Look, I know more than most how tempting it can be to get every little detail correct in a SketchUp model. I've spent time tweaking little bits and pieces to make sure they were just right, believe me. While designing projects I can have multiple generations of a design, exploring new options and branching out into infinite possibilities. So take it from somebody who has fallen down that rabbit hole - you have to know when to stop modeling and start building.
These days I am trying to remind myself that the goal is to make projects, not models. My ability to create precision in SketchUp are far beyond my abilities for precision in the shop. Wood moves with the seasons, small variations in tool setups introduce randomness during a build, and sometimes designs get changed on the fly.
Here are a few questions I try to ask myself as I am making a model to ensure I am not sinking deeper into OCD territory.
- Will the extra level of detail make it easier to build the real piece? By all means, if it makes things easier in the shop then add it to the model. I am a strong believer in modeling details on joinery, curves, edge profiles, etc. as long as they make the time in the shop easier. An exploded view of the project with a few key dimensions is invaluable to me as I build. But leave out things that make no difference in the shop.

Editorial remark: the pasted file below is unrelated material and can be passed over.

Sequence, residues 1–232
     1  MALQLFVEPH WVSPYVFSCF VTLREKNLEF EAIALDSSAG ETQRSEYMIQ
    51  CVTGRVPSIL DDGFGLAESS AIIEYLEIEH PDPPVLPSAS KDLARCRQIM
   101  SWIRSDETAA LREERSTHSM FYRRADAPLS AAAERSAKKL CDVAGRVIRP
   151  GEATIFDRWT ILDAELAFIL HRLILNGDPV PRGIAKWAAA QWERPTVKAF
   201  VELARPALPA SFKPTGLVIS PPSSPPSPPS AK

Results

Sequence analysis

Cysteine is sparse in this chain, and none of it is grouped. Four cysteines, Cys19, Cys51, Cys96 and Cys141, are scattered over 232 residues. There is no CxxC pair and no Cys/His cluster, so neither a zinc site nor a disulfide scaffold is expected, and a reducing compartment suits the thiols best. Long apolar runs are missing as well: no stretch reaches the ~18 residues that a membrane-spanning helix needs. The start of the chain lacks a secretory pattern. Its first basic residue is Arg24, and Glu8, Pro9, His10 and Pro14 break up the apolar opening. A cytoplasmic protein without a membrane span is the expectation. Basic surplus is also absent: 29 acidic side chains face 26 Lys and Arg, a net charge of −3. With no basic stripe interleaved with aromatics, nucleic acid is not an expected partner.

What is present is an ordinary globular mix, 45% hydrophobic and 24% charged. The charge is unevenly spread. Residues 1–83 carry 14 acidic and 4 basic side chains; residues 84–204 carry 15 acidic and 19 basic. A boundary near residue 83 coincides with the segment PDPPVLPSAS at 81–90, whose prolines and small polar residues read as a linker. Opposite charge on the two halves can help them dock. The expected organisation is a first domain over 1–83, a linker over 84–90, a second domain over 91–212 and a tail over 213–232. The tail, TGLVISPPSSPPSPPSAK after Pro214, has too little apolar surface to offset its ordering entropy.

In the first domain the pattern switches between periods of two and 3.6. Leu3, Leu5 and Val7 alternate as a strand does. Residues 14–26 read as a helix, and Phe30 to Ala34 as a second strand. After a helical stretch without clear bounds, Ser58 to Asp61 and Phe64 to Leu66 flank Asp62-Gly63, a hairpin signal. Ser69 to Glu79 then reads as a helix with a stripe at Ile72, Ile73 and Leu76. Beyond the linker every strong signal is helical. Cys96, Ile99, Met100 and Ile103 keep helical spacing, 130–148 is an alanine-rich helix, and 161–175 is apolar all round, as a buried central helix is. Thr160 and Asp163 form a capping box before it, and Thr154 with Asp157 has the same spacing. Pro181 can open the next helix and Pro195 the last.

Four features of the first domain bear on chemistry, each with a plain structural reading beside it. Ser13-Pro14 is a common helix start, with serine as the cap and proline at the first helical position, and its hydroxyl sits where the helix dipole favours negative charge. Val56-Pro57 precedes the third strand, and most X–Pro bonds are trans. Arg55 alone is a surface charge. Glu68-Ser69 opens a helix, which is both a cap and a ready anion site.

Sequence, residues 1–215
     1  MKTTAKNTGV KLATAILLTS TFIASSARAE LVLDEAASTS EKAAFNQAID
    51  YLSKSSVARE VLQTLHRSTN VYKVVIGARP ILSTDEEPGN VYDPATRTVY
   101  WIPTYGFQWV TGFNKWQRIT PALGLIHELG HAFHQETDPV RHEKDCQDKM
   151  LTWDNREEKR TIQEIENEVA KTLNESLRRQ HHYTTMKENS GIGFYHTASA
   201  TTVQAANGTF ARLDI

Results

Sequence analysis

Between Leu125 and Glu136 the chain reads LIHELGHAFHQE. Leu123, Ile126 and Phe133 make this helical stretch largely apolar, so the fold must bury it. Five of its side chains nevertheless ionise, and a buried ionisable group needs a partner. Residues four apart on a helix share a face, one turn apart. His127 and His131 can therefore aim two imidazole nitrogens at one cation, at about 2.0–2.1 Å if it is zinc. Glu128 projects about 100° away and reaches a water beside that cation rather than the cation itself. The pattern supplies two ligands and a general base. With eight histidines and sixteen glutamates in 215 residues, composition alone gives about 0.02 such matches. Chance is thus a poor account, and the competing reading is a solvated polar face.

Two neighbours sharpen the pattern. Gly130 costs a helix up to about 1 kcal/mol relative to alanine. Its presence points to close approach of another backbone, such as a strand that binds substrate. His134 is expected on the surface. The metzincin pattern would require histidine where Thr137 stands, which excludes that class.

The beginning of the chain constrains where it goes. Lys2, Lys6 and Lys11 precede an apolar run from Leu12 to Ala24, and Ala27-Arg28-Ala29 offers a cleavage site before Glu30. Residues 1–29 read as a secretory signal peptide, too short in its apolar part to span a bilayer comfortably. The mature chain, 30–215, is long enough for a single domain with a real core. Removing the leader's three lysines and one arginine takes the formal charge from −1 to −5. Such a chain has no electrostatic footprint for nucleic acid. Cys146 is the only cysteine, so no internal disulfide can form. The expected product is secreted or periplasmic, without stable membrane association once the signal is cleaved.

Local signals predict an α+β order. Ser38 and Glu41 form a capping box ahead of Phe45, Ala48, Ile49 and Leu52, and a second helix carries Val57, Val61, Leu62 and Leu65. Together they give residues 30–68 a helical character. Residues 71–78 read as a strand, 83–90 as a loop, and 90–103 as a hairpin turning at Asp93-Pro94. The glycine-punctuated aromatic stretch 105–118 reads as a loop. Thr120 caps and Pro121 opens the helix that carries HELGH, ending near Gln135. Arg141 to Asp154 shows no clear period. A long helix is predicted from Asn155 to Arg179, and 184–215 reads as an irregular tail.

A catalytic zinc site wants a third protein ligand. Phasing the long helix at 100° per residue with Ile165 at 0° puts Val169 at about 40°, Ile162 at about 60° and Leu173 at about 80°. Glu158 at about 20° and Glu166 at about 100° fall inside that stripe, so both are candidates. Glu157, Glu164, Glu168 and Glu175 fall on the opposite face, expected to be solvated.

- Will the final dimension of the wood match the SketchUp model? SketchUp is great at providing dimensions for raw stock. Suppose you have a door rail that will be mortise & tenoned into the stile. By all means, add the two tenons to the ends of the rail and use SketchUp to measure the total length of the rail. But by the time you need to know the dimensions of the door panel, measuring the actual meatspace door is the best way to go. A little variability could have crept in and suddenly the dimension of the panel in SketchUp doesn't match the door you built. Until you have a CNC machine just spitting out all you project parts, you have to know when to abandon the perfection of the SketchUp planned dimensions.
- Does the design of the piece require a more detailed model? If I am trying a new type of joint or I want to see how a curve would look, I add more detail until my question is answered. Otherwise, keep it simple. For example, when designing a piece with drawers I will often create a simple rectangle to fill the drawer opening instead of modeling a full dovetailed drawer. Even a drawer-sized box is easy to make and fill the hole. Until I need details about the drawer there is no need to model it beyond that point. It's a heck of a lot easier to explore the overall size and shape of the piece this way.